So I recently visited a category on his blog called As India Develops. I think it is worth bookmarking because it is something that one cannot read in one go. I should disclose that the category has extended excerpts from my writings and therefore this could be construed as shameless self-promotion.


“Forgive him Theodotus: he is a barbarian and thinks that the customs of his tribe and island are the laws of nature”

Caesar and Cleopatra, George Bernard Shaw

In a sense, we are all barbarians believing that our personal experiences are universally applicable. This tendency is all too evident in those who intervene, often with the most noble of motives, in economic development. It appears to me that this unfortunate barbarism approaches its extreme in the context of information and communications technologies (ICT) and development of poor rural economies. The thinking goes something like this: PCs and internet are wonderfully powerful inventions which empower those who use them; the poor don’t have access to PCs and internet; that is why they are poor; therefore, if they were given PCs and internet, the poor in rural areas will become rich.

So what is wrong with the above reasoning? Lots, actually. First, there is the matter of sequencing. Then, there is the conflating of causes and effects. (For more on this problem, see myths, misconceptions, etc: you may have to scroll down a bit.) Finally, there is the problem of limited resources. All sorts of grand plans fail when one does not pay attention to sequencing. It may be terribly trivial to say that one has to build the foundation of a building before building the 10th floor, but often people do attempt something analogous when approaching development challenges.

Examples of mis-sequencing are distressingly common. For a very poor illiterate population, the foundational step has to be making them literate as fast as possible before resources are spent on making high-technology equipment available to them. Then why do they take the cart-before-the-horse approach? Perhaps because the advocates of hi-tech devices themselves have a personal agenda or for commercial gain. Or perhaps because they forget that they themselves were literate before they started using high tech tools effectively. Or perhaps because it is easier to just buy a lot of hardware and stick them into rural kiosks than to figure out the much harder problem of how to effectively make the population literate.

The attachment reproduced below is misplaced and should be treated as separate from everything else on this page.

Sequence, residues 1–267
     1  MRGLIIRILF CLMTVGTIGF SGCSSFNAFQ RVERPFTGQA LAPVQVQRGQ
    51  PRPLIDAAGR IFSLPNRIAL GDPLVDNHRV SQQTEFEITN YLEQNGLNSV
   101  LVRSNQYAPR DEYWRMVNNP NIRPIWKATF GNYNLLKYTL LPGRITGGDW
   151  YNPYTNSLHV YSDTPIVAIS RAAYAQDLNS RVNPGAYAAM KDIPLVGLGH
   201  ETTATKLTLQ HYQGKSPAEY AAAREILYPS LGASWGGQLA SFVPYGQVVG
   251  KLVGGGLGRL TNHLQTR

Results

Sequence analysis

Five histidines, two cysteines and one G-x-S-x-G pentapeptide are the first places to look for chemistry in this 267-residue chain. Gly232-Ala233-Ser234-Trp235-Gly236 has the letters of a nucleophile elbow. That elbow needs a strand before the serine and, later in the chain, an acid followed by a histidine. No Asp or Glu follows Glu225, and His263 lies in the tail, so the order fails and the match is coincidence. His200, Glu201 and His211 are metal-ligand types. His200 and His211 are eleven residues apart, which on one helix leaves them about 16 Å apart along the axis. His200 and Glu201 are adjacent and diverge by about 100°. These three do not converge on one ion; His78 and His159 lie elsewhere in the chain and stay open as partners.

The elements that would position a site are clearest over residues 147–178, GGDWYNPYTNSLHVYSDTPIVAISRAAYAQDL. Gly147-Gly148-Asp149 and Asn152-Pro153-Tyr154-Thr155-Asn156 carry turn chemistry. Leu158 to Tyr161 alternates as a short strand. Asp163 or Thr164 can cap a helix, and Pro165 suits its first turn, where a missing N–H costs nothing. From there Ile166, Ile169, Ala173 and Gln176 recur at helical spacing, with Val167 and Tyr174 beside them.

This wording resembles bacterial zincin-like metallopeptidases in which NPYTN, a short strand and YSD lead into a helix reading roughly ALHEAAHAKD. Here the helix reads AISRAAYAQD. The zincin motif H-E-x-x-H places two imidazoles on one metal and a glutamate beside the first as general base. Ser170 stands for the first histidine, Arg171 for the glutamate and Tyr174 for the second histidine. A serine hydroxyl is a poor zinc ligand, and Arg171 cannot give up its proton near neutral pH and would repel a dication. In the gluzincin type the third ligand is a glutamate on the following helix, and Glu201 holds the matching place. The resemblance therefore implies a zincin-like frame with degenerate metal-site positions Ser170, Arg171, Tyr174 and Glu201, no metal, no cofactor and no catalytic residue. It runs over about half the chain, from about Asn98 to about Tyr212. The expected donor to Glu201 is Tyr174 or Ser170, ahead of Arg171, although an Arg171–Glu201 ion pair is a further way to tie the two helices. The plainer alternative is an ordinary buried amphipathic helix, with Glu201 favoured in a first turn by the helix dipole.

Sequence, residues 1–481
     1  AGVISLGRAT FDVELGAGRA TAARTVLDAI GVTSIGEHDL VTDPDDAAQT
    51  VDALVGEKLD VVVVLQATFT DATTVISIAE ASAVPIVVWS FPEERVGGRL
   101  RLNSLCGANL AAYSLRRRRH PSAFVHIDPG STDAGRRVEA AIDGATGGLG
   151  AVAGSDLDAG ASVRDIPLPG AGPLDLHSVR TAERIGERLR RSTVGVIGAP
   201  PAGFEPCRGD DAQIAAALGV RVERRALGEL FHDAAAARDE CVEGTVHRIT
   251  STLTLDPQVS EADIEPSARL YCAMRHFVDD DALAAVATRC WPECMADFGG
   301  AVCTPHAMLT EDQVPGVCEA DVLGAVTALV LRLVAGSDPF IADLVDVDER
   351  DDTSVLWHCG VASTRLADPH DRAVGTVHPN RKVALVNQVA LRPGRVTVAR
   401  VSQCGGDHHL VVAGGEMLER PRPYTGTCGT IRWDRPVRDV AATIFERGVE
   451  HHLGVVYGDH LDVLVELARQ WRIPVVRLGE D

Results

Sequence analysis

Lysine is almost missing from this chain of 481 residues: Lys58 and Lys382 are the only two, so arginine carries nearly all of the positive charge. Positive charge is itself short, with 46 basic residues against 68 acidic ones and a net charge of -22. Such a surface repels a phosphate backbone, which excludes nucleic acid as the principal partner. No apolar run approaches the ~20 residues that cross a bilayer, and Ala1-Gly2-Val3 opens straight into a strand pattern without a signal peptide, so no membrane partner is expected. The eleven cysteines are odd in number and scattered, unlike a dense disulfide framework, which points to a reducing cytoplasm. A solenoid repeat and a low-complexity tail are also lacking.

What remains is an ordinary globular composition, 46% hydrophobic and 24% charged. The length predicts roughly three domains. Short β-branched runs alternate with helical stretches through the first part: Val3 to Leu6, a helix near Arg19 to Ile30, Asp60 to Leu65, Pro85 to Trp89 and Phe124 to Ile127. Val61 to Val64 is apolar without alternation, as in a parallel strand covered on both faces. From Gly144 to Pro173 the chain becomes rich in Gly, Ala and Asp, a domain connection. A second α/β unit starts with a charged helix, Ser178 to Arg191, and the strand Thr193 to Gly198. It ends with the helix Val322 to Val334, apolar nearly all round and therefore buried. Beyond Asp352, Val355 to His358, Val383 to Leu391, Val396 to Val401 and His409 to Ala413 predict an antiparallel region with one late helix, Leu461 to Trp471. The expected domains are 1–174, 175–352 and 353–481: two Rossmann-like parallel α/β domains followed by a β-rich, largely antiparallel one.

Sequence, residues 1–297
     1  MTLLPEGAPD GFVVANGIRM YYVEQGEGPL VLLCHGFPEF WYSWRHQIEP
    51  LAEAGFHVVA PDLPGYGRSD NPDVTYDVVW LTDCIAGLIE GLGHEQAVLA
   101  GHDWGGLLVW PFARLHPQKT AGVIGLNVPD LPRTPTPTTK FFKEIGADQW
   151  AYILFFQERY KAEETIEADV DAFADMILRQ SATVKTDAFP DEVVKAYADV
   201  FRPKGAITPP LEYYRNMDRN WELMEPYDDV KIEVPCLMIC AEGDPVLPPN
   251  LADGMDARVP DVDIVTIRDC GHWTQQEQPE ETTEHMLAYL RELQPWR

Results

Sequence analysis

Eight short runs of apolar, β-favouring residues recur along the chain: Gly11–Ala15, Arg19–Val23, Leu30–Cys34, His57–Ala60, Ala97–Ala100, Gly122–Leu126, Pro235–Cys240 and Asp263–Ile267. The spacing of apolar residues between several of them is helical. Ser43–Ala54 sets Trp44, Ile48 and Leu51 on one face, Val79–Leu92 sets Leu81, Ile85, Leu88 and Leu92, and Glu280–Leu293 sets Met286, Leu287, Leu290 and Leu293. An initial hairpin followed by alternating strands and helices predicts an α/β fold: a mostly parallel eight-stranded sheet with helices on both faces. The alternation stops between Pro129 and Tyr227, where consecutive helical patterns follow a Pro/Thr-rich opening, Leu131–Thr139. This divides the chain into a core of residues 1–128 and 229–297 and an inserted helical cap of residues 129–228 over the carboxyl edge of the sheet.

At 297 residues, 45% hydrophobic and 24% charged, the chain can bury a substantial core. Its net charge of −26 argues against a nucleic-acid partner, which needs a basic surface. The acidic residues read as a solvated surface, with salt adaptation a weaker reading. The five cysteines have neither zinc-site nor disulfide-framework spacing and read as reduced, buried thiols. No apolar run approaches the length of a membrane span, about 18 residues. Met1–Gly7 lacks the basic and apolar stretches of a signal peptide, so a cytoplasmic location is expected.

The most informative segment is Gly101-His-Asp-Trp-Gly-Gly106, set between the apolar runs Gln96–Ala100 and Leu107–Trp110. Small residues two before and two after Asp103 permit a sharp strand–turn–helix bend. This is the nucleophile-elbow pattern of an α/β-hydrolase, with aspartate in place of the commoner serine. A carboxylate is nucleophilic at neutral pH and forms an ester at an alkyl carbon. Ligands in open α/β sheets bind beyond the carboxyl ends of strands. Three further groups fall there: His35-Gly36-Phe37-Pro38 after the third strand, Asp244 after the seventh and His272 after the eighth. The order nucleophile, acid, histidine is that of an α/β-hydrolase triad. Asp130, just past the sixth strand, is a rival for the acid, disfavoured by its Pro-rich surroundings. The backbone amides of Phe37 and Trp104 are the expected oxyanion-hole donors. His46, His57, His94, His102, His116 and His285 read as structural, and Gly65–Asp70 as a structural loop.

The undeniable fact is that literacy is the basis for all development. Literacy (and numeracy) is absolutely positively acutely necessary. You have to have a literate population for there to be any hope of any advancement—social, economic, physical, whatever. Given a literate population, even in the absence of new-fangled high tech equipment, you can have wonderful outcomes; absent a literate population, no amount of high-tech gizmos will amount to a hill of beans.

Every notable invention, every innovation, every advancement made by humans have been made by humans who have been literate and they did it without PCs and internet. That statement is obviously true until about 30 years ago. PCs and the internet have arguably enhanced the power of humans to innovate more rapidly but the preconditions are that of literacy and resources to afford those tools. The lesson for the development of India is straightforward. If you want the rural populations to benefit from the use of high technology, then you have to make them literate first. If you don’t make them literate, then you can forget about bridging the so-called “digital divide”.
(See Everybody Loves a Good Digital Divide.)

Here is my prescription: First, make the people literate. How? See my modest proposal to make India literate within a few years.) Second, figure out which of the problems admit a least cost solution which involves PCs and internet. Finally invest in PCs and internet.

{To be continued.}